Light, Shadows and Reflections
all, it is an opaque object. If you are able to see clearly through an object, it is allowing light to pass through it and is transparent. There are some objects through which we can see, but not very clearly. Such objects are known as translucent.

e see so many objects around us, colourful and different. On the way to school we see things like buses, cars, cycles, trees, animals and sometimes flowers. How do you think, we see all these objects? Think of the same places at night time if it were completely dark. What will you see? Suppose you go inside a completely dark room. Are you able to see any objects in the room? But, when you light a candle or a torch you can see the objects present in the room, isn’t it? Without light, things cannot be seen. Light helps us see objects. The torch bulb is an object that gives out light of its own. The Sun, is another familiar object that gives its own light. During the day, its light allows us to see objects. Objects like the sun that give out or emit light of their own are called luminous objects. What about objects like a chair, a painting or a shoe? We see these when light from a luminous object (like the Sun, a torch or an electric light) falls on these and then travels towards our eye.


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d e h s T i l R b E u C p e N r © e b o t t
Activity 1
Look around you and collect as many objects as you can — an eraser, plastic scale, pen, pencil, notebook, single sheet of paper, tracing paper or a piece of cloth. Try to look at something far away, through each of these objects (Fig. 11.1). Is light from a far away object able to travel to your eye, through any of the objects? Record your observations in a table as shown in Table 11.1. We see that a given object or material could be transparent, translucent or

Recall our grouping objects as opaque, transparent or translucent, in Chapter 4. If we cannot see through an object at

Fig. 11.1 Observing objects that do or do not allow light to pass through them

Table 11. building or any other object behind your friend. so that its shadow is formed on the sheet of paper on the ground. In the evening. Ask one of your friends to draw o n 108 d e h s T i l R b E u C p e N r © e b o t t ARE Not very sure? SHADOWS? the outline of the shadow while you are holding the object. Spread a sheet of paper on the ground. If there were no trees.2). ask some other friends to identify the objects from these outlines of shadows. Now. to see a shadow.2 Sometimes shadow of an object gives an idea about its shape This is an activity that you will have to do in the dark. What do you see on the ground? You know that the dark patch formed by each on the ground is due to its shadow. Sometimes you can identify the object by looking at its shadow (Fig. in a room? It seems we need a source of light and an opaque object. Take a torch and a large sheet of cardboard with you. You now have a source of light that is falling on an opaque object. Hold a familiar opaque object at some height. Is there anything else required? Activity 3 Fig. Draw outlines of the shadows of other objects in a similar way.2 WHAT EXACTLY Activity 2 Now.1 Object/material Pencil Rubber ball Sheet of writing paper View through the object possible (fully/ partially/ not at all) Object is opaque/ transparent/ translucent opaque depending on whether it allows light to pass through it completely. 11. go out in an open ground with a few friends. 11. partially or not at all. Hold the torch close to the ground and shine it upwards so that its light falls on your friend's face. one by one hold each of the opaque objects in the sunlight. slightly above the ground. 11. would you see the shadow of your friend's head? This does not mean SCIENCE . How many objects are they able to identify correctly? Do you observe your shadow in a dark room or at night when there is no light? Do you observe a shadow when there is just a source of light and nothing else.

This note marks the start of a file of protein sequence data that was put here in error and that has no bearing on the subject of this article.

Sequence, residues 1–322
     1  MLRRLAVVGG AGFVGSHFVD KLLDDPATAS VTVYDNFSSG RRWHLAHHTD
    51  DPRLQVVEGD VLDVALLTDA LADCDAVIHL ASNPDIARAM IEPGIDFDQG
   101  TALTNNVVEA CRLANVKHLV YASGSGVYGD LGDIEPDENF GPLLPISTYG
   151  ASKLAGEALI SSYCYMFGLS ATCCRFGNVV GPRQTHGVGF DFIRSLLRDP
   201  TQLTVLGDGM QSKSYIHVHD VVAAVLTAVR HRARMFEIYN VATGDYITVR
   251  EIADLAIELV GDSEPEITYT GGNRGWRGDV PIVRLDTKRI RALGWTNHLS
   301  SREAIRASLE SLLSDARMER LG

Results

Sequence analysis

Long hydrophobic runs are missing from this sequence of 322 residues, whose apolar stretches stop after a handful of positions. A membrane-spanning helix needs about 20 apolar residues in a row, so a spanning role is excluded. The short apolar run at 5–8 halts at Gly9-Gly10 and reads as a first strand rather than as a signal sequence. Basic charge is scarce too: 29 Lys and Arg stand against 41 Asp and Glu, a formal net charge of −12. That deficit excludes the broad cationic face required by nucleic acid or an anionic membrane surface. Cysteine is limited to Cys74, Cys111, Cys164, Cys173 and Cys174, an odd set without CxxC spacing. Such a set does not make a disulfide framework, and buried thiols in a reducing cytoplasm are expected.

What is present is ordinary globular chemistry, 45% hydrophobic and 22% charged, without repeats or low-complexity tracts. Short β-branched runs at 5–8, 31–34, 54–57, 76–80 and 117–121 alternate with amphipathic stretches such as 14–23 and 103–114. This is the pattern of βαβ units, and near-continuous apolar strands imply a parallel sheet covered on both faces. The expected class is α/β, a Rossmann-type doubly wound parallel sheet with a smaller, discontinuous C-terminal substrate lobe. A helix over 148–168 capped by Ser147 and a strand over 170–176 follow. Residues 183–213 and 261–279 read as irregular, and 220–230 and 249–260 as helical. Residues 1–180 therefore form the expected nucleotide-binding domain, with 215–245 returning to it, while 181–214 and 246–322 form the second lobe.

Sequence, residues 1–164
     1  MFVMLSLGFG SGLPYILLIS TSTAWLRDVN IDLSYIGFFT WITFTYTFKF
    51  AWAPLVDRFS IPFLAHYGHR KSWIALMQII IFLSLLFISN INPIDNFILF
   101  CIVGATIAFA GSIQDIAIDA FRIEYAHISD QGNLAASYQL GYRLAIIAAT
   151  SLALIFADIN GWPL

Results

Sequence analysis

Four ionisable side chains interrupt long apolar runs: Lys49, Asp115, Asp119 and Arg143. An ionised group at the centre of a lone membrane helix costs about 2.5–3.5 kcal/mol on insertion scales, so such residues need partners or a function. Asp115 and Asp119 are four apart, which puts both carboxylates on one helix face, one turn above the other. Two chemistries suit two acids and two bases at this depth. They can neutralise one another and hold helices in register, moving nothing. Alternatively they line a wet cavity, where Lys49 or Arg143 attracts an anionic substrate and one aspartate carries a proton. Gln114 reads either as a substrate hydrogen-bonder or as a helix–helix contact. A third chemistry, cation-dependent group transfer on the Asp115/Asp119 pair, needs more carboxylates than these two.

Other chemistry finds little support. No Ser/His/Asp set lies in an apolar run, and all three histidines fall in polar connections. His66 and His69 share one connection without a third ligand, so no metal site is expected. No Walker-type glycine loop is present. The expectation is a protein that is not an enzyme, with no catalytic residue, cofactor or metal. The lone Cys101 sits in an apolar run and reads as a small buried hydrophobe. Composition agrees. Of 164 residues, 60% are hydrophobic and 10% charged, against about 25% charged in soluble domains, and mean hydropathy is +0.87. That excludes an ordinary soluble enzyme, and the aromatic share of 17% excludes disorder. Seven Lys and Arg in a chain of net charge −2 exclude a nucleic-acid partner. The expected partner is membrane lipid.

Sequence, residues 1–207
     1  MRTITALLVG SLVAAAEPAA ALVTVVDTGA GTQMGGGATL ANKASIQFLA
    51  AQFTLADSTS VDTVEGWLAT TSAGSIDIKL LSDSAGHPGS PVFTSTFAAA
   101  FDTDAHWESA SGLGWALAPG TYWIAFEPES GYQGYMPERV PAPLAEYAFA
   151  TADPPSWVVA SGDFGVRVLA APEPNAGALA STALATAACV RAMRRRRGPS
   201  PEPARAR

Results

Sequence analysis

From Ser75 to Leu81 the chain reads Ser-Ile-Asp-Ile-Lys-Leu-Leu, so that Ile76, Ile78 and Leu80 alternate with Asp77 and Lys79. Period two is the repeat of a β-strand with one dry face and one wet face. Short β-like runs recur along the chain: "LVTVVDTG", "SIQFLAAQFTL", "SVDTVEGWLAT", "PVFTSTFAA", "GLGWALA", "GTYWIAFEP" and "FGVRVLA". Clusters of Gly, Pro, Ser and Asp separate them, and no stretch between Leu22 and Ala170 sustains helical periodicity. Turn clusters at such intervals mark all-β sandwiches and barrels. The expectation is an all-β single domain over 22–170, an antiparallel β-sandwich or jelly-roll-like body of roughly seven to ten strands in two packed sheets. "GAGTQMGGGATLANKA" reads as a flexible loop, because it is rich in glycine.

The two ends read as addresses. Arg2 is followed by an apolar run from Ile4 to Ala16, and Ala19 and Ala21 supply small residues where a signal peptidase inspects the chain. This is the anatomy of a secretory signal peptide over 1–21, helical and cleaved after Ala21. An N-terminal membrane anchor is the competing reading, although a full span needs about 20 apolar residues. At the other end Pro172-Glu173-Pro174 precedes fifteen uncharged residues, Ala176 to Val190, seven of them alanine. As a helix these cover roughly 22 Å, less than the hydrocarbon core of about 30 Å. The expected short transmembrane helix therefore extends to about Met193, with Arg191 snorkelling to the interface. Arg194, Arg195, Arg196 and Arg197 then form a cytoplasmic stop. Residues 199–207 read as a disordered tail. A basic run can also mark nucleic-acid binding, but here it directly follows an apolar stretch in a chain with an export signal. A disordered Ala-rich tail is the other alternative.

Have fun! Fig 11. Sometimes. Shadows give us some information about shapes of objects. In Fig. 11. the light from the torch is not able to pass through his body to the other side. The ground. 11.3)? Thus. When you move the box around. when the colours of the objects are different? Take a long box and look at its shadow on the ground.Fig. Do the shadows look different in colour. ask another friend to hold the cardboard sheet behind your friend. Then.4 Shadows of animals hidden in your hand LIGHT. Now. for instance. Do the two shadows seem to have a similar shape? Take flowers or other objects of different colours and look at their shadows. A red rose and a yellow rose. you may see that the size of the shadow changes. Is the shadow now seen on the cardboard sheet (Fig. the shadow can be seen only on a screen. how does the shape of the shadow change? Take a thin notebook and look at its shadow. o n d e h s T i l R b E u C p e N r © e b o t t Activity 4 Place a chair in the school ground on a sunny day. SHADOWS AND REFLECTIONS . or other such surfaces act as a screen for the shadows you observe in everyday life. when the long side of the box is pointed towards the Sun or when the short side is pointing towards the Sun? Let us use this long box. When is the shadow of the box the shortest.3 A shadow is obtained only on a screen that there is no shadow. to prepare a simple camera. walls of a room. After all. take a rectangular box and look at its shadow. 109 a building. shadows can also mislead us about the shape of the object. What do you observe from the shadow of the chair? Does the shadow give an accurate picture of the shape of the chair? If the chair is turned around a little.4 are a few shadows that we can create with our hands and make-believe that they are shadows of different animals. 11.